You mention Hazlitt’s book “Economics in one Lesson”. The central message of the book was to consider the “unseen” effects of things as well as the “seen”. This means that we shouldn’t try to centrally plan things according to a preconceived notion of what is important. The argument that CDS “should” cost more falls exactly into this trap! The same goes for the argument that Scripts “should” be priced only according to their length. This would be an attempt to design the system based in our prediction of how different actors will choose to price their services in the future. Better to let these decisions be provided by the free market.
Providing a technical tool that people can choose to use, and producers can choose to supply, is a good thing. The idea that we need to “understand the economic implications” before making improvements is a form of central planning. It would be akin to wanting to prevent the mechanization of farming without conducting a study about the impact on the job market for farmers.
Maybe an efficient OP_CHECKDATASIG will be used more than a 1-million instruction long Script version would have been. But this would be a good thing, it would show that it is providing utility to the system.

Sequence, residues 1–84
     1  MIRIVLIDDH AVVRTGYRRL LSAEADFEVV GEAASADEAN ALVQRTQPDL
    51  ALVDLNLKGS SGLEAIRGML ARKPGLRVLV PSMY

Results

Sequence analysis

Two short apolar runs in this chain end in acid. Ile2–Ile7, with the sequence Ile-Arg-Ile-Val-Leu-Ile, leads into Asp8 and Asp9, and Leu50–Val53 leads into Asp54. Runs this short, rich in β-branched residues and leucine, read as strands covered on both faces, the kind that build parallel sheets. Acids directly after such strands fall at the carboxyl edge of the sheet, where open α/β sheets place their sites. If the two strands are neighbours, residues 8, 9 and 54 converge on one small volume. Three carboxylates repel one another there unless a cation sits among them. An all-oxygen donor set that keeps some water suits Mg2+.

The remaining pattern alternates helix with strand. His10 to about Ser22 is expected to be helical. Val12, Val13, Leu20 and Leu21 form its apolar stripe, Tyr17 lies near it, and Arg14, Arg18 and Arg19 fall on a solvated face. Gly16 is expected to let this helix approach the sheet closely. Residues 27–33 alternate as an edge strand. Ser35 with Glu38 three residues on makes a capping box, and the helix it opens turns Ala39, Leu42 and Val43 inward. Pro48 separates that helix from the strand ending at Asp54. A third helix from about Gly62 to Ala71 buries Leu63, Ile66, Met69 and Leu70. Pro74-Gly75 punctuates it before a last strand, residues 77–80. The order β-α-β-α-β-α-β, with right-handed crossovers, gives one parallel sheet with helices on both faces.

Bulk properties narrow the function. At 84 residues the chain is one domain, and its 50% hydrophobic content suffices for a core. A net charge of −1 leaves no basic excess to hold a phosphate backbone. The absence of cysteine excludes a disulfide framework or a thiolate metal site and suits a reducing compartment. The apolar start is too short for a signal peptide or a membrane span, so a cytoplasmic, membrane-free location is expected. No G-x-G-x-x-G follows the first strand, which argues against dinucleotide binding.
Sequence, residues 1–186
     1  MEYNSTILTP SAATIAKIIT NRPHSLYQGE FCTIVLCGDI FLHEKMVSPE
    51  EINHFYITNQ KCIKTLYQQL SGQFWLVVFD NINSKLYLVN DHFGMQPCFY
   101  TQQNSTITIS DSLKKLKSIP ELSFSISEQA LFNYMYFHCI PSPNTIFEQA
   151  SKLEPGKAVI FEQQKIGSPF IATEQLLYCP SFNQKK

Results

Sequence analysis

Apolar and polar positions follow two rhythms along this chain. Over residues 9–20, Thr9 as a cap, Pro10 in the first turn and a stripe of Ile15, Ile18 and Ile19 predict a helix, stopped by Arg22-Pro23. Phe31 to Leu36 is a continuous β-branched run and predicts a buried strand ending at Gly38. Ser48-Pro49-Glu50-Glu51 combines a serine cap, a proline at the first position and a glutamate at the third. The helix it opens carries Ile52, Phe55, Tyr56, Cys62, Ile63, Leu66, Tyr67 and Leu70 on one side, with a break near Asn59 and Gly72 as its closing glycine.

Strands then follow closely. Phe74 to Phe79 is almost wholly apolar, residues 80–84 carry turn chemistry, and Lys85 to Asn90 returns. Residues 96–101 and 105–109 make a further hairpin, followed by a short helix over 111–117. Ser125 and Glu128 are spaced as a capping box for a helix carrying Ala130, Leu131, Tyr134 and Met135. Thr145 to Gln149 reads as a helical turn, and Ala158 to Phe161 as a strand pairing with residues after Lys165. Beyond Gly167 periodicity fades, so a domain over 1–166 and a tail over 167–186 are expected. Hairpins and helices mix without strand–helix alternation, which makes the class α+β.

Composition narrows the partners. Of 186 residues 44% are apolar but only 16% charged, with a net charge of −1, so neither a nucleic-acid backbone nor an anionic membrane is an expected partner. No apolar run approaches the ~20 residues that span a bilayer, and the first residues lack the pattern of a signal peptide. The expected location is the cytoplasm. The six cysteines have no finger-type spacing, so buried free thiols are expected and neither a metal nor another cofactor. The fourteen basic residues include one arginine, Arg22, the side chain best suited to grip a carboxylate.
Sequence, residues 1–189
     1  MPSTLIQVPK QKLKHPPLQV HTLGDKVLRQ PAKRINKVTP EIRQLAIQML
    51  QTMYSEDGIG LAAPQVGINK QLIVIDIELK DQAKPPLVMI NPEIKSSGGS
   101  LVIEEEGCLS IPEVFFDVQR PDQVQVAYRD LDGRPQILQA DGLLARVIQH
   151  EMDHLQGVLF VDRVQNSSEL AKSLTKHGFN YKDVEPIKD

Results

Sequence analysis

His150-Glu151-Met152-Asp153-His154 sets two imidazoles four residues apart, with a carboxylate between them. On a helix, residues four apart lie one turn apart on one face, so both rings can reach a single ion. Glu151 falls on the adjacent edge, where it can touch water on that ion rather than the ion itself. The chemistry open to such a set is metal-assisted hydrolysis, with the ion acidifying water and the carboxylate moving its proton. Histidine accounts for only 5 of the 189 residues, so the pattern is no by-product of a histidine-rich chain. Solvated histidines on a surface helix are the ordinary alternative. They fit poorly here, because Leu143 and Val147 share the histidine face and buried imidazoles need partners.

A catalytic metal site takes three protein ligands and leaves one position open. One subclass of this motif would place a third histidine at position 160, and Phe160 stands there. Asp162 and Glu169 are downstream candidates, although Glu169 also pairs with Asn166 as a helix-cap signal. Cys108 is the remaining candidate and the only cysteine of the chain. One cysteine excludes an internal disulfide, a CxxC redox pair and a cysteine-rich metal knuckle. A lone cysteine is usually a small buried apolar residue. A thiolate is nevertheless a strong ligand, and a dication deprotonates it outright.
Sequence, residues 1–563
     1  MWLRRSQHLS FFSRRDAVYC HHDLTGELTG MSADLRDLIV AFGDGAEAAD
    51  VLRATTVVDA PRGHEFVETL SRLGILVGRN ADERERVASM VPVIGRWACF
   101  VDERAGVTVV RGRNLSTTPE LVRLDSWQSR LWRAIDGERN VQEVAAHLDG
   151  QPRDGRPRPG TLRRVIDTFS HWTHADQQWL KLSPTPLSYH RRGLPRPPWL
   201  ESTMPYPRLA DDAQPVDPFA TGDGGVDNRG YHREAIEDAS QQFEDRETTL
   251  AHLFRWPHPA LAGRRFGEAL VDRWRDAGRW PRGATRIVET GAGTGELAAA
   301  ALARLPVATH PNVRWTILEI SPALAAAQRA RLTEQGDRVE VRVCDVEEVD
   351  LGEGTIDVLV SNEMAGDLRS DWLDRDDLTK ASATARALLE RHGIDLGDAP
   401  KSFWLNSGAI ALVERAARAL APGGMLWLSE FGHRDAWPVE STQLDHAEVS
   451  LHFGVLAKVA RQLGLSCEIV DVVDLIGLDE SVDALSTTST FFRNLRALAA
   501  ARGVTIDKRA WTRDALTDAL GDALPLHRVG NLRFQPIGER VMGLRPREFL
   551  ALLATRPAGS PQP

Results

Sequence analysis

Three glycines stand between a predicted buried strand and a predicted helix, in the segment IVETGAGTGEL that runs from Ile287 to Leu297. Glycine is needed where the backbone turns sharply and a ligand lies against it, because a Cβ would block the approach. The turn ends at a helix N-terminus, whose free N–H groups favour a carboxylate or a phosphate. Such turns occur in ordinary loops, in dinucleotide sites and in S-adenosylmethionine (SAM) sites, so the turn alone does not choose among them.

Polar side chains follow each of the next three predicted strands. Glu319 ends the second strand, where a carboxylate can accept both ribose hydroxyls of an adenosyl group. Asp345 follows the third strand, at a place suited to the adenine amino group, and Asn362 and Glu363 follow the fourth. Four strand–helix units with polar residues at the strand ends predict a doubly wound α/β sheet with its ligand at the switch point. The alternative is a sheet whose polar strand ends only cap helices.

The Money Function

A few times you state that a subsidy is justified for OP_CHECKSIG because “CHECKSIG is for money and DSV is not”. I don’t think this distinction is accurate.
Both OP_CHECKSIG and OP_CHECKDATASIG simply create conditions deciding when money can be sent. OP_CHECKSIG checks that a signature has been supplied matching a public key and signing some transaction data. OP_CHECKDATASIG checks that a signature has been supplied matching a public key and signing some other supplied data. In both cases they just define when money can be sent.
For a good opcode design, we don’t want to create a system that assumes exactly how it will be used in the future. It’s better to create a flexible scripting language and let the users and application developers find novel unanticipated uses. I have begun compiling a short list of uses of CDS that I have noticed people working on (See Appendix A below). It seems that the evidence is that people are using it in novel ways. This is a good sign that the opcode is a generally useful instruction. You will also notice that all of the uses involve using Bitcoin Cash as money.